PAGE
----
So, I put it to you on your next swim/cycle/run, leave your tech behind and just enjoy it. Want to know how fast to go? Listen to what your body is telling you it can do – a useful skill to have on race day.

Saturday, 7 January 2012

Operation Breaking Dawn Week 5 Report

Spent this week ‘off’ from waking up early as I had the week off. I am a little concerned though that I will not be able to wake up early next week.







Previous articles in this report:

Saturday, 31 December 2011

New Year Resolutions

Does anyone have any interesting resolutions lined up for the new year? Write them below in the comments.

Thursday, 29 December 2011

Operation Breaking Dawn Week 4 Report


So I spent this week waking up an additional 30 minutes earlier. Nothing new to report really. However, with next week’s ‘holiday’ approaching and the fact that I will be abandoning my getting up early regime for this, I am concerned that I’m going to slip back into bad habits. The biggest problem I’m worried about regarding this is it could result in me having to start again getting my body to wake up early in the mornings. Thus, undoing all the work I’ve already put in. Will let you know how it goes.

Previous articles in this report:

Wednesday, 21 December 2011

5 Tips for Creating a Training Plan



1.       Work to an end goal – this could be an event, a pace or anything else measureable.  A measureable end result will give you something to aim for and that you can visibly measure progress is made towards.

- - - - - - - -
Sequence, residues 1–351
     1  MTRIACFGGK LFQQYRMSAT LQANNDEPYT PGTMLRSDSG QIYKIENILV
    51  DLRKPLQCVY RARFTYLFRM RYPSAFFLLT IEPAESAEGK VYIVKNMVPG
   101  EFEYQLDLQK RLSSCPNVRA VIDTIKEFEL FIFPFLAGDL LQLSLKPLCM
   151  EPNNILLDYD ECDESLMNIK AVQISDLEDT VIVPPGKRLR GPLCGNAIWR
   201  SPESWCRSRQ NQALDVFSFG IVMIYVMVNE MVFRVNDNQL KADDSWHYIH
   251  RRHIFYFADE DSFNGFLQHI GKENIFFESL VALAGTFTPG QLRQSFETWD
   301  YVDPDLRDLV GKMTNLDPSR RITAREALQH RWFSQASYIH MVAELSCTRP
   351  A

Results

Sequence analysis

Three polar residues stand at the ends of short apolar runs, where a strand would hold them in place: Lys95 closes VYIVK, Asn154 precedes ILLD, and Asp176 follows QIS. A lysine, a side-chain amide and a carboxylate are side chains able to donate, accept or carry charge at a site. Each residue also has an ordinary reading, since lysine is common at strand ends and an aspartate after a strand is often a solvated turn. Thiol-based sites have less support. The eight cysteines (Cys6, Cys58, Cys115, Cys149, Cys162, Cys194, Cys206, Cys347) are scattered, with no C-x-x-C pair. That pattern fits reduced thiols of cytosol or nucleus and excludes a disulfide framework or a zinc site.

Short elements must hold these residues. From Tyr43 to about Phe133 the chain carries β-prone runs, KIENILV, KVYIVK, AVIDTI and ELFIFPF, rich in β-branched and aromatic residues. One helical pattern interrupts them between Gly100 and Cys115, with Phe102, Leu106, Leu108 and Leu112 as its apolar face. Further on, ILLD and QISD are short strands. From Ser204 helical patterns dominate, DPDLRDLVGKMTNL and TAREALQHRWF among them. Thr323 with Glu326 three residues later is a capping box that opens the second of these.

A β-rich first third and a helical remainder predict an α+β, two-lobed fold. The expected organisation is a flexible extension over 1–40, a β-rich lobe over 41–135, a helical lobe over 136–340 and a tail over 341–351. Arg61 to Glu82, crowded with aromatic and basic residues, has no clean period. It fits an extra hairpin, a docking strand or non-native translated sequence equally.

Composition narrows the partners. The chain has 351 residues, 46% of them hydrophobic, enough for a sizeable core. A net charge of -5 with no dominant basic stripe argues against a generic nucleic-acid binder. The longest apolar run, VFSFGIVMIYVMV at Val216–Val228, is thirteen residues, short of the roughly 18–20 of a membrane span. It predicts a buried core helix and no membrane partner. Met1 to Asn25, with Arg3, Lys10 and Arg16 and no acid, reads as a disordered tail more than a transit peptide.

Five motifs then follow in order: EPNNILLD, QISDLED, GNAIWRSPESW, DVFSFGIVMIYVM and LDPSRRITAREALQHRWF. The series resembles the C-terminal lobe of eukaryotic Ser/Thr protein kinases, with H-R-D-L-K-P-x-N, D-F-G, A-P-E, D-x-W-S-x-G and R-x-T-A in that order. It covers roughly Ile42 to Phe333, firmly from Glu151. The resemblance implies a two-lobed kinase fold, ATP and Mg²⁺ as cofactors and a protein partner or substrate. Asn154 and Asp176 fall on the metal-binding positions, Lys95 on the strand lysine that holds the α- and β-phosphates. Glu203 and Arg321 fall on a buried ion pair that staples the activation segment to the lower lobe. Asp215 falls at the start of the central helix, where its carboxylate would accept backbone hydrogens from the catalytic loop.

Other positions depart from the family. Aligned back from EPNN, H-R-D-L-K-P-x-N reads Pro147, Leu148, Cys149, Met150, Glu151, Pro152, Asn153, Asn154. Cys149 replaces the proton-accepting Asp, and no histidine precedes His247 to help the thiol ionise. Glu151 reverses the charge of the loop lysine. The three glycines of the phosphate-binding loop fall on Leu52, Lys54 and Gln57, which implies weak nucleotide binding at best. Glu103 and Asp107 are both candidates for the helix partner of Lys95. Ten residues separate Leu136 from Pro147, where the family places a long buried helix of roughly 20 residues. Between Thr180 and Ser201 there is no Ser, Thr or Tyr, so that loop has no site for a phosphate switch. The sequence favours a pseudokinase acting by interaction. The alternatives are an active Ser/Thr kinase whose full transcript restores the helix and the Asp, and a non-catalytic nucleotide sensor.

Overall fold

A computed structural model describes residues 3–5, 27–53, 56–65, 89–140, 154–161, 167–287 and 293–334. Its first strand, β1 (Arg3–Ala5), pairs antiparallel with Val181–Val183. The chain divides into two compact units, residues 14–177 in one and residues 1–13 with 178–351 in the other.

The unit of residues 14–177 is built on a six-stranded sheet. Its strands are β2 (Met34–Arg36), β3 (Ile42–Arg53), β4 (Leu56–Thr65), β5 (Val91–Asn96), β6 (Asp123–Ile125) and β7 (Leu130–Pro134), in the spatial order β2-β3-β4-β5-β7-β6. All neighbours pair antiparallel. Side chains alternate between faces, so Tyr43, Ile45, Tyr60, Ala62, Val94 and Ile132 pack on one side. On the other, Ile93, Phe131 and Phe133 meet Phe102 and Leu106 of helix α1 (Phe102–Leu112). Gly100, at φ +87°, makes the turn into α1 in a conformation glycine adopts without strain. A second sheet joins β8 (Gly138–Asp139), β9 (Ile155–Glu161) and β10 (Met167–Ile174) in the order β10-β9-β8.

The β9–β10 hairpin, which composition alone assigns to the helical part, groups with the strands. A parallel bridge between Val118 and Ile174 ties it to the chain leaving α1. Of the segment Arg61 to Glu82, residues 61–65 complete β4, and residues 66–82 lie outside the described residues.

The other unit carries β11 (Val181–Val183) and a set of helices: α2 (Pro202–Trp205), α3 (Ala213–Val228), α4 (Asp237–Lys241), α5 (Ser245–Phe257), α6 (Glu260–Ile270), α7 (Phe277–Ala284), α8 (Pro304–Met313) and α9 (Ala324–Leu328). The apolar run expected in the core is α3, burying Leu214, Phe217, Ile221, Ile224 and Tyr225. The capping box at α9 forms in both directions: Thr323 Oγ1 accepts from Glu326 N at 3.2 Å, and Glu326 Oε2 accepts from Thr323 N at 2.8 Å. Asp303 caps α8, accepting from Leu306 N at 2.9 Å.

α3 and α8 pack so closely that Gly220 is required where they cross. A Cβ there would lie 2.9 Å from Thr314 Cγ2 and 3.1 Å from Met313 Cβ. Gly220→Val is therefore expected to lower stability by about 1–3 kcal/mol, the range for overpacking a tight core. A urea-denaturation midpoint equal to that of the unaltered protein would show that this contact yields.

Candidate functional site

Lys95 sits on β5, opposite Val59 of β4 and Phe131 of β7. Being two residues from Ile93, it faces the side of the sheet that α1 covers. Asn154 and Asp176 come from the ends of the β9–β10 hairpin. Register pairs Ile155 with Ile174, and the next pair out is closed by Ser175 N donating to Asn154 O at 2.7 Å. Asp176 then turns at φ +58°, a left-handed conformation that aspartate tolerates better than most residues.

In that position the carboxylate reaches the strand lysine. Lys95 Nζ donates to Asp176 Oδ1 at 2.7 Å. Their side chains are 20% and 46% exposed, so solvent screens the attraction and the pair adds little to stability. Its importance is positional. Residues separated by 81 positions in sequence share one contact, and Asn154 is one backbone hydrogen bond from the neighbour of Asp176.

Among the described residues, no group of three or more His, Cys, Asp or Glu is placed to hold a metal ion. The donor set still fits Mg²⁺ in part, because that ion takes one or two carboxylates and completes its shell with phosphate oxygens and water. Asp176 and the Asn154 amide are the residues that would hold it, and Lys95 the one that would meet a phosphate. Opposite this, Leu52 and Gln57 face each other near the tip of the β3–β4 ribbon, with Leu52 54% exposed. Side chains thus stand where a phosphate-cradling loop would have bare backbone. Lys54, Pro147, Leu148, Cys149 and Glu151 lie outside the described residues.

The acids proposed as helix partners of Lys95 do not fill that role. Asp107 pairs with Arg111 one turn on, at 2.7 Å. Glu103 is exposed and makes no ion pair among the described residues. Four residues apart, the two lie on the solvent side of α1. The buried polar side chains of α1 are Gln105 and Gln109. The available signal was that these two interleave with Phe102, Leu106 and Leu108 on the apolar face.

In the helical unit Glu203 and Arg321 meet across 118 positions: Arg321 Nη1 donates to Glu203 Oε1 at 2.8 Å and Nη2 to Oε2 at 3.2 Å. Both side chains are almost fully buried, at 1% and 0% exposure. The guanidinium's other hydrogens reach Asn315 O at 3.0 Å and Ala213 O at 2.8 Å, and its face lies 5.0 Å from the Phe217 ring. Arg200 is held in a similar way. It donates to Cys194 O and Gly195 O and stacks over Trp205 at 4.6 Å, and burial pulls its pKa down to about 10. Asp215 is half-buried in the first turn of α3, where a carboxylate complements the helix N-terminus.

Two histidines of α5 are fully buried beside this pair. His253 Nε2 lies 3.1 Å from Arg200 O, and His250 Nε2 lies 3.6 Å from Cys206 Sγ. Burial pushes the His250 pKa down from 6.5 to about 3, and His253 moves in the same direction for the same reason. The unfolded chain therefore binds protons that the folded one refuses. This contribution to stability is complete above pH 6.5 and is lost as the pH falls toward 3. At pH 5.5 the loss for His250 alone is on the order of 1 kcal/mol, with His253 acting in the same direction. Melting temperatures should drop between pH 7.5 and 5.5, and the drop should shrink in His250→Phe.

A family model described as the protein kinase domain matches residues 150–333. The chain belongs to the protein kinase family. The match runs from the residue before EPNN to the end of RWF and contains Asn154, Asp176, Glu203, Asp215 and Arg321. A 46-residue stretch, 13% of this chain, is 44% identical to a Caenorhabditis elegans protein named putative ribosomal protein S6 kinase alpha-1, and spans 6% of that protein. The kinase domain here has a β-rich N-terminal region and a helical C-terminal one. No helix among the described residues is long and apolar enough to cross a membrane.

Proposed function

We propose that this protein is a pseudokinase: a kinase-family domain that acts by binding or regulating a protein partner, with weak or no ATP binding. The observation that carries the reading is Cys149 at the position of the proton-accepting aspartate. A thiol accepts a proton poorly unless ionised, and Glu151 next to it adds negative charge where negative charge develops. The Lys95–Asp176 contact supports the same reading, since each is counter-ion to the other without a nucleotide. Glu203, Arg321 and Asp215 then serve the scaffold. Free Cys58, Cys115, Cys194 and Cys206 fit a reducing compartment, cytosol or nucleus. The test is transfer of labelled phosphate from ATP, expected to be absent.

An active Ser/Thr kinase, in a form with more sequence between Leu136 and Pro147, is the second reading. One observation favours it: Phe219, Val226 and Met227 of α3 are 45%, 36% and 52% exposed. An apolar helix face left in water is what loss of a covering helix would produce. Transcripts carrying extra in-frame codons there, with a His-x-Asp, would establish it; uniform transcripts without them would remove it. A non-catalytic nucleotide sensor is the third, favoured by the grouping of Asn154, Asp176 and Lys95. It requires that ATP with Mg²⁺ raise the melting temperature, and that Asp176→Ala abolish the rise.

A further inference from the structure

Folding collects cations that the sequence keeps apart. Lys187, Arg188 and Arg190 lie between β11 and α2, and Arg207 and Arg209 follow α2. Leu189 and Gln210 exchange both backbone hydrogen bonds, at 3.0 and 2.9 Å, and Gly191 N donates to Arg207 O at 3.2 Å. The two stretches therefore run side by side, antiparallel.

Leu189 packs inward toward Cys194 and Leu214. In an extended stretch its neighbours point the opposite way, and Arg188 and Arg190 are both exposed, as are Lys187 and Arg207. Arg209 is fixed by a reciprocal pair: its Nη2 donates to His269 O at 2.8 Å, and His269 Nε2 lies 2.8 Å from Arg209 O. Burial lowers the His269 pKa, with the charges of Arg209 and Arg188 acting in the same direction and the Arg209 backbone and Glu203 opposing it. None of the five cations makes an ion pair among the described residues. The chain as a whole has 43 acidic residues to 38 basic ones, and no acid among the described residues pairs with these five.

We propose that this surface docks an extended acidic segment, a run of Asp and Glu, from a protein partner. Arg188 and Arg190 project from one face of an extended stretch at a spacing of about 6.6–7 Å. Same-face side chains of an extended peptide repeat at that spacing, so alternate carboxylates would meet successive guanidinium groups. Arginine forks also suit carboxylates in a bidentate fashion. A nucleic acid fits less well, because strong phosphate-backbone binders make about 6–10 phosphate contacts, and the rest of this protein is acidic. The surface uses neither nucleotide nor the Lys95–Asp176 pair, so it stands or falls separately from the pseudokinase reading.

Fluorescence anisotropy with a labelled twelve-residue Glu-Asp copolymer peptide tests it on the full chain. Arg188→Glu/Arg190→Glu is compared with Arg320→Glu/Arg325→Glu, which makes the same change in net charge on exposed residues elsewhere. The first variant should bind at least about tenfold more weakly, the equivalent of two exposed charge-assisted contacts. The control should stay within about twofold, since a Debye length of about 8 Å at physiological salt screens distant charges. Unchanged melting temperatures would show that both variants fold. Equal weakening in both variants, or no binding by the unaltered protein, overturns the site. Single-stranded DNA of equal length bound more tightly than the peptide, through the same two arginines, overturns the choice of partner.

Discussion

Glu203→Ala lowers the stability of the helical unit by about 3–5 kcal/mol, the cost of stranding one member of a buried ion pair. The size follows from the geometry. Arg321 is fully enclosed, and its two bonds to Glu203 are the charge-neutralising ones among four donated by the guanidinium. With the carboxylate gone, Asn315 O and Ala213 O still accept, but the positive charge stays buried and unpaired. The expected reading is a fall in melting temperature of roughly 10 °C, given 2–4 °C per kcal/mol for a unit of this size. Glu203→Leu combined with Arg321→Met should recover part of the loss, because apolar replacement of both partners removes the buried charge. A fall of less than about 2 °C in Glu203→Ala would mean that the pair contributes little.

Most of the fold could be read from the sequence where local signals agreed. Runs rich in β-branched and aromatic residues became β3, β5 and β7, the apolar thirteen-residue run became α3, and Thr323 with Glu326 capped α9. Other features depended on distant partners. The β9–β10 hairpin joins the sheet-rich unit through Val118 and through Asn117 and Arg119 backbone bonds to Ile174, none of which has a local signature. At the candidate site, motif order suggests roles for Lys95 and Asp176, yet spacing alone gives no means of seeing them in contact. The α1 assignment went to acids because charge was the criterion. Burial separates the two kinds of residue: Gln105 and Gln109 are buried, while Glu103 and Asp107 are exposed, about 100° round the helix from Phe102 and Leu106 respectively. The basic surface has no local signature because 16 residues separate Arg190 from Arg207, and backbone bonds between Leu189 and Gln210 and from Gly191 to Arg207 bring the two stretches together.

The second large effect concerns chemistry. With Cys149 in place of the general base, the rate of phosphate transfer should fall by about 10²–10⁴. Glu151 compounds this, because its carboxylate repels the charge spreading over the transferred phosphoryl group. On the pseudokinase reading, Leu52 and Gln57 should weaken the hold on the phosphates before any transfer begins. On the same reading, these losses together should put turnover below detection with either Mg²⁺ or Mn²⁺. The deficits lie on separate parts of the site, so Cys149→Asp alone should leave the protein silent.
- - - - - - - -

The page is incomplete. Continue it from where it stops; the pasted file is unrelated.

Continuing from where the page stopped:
2.       Don’t do too much too soon – you’ll find that you can’t achieve the goals you set yourself, become less motivated and be more likely to abandon the plan.
3.       Work backwards from your goal and forwards from what you can do now – the only person who knows what you can do is you.  Similarly, the only person who knows what you want to achieve is you.  I find it best to write down what you can do now and what you want to achieve in the future and then think about how you can best move from one to the other in the time you have.
4.       Work time off in the plan – think ahead.  Think about when you are going to be on holiday, or when you will be busy with other commitments and work it into the plan.  Either reduce what you are going to do or take the time as rest. You can see an actual example of when I didn’t do this and hence had to change a plan here – I forgot to take the Christmas holidays into account.
5.       Stick to the plan once it is made – consider the time set aside for training as `protected’ time.  If friends ask if you want to go out and you know it will clash with the training plan.  Say no.  It may sound harsh.  But I’ve found letting training plans slip is one of the worst things to do.  I tend to feel worse for not sticking to a training plan than I feel good for going out.  Yes, sometimes in life you do have to be flexible.  But only change training plans as a last resort. 

Monday, 19 December 2011

Operation Breaking Dawn: Week 3 Report


After another week of maintaining the same waking time as last week, I have the following conclusions to make:
  • I’m finding that I am making more use of the time in mornings – I’m waking up quicker in the mornings. I guess this can be attributed to my body becoming used to the new waking up time.
  • I’m starting to think that I could be training in the mornings now. That is, the original plan covers a time period that’s too great – I could’ve started training sooner. However, I will carry on with the previously proposed plan so that I can report fully on it at the end of this.
Previous articles in this report: